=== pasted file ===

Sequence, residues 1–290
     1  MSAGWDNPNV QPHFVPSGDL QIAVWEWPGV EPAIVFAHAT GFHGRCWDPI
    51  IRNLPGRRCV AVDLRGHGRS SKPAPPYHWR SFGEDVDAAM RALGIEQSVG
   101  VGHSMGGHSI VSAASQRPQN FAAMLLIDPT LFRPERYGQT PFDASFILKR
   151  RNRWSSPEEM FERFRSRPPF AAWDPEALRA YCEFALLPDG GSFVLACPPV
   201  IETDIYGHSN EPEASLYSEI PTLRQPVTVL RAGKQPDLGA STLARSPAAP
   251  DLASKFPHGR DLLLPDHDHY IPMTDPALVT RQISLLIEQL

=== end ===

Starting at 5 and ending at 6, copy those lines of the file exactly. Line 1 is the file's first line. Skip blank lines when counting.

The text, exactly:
   151  RNRWSSPEEM FERFRSRPPF AAWDPEALRA YCEFALLPDG GSFVLACPPV
   201  IETDIYGHSN EPEASLYSEI PTLRQPVTVL RAGKQPDLGA STLARSPAAP